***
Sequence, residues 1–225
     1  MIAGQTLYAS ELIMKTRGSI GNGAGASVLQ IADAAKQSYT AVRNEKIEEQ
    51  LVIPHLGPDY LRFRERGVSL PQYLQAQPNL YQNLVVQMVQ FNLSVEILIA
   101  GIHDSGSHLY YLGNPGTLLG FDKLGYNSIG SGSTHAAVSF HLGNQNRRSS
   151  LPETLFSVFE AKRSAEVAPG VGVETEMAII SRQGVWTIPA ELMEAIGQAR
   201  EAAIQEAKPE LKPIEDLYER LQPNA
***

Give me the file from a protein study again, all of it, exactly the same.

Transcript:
Sequence, residues 1–225
     1  MIAGQTLYAS ELIMKTRGSI GNGAGASVLQ IADAAKQSYT AVRNEKIEEQ
    51  LVIPHLGPDY LRFRERGVSL PQYLQAQPNL YQNLVVQMVQ FNLSVEILIA
   101  GIHDSGSHLY YLGNPGTLLG FDKLGYNSIG SGSTHAAVSF HLGNQNRRSS
   151  LPETLFSVFE AKRSAEVAPG VGVETEMAII SRQGVWTIPA ELMEAIGQAR
   201  EAAIQEAKPE LKPIEDLYER LQPNA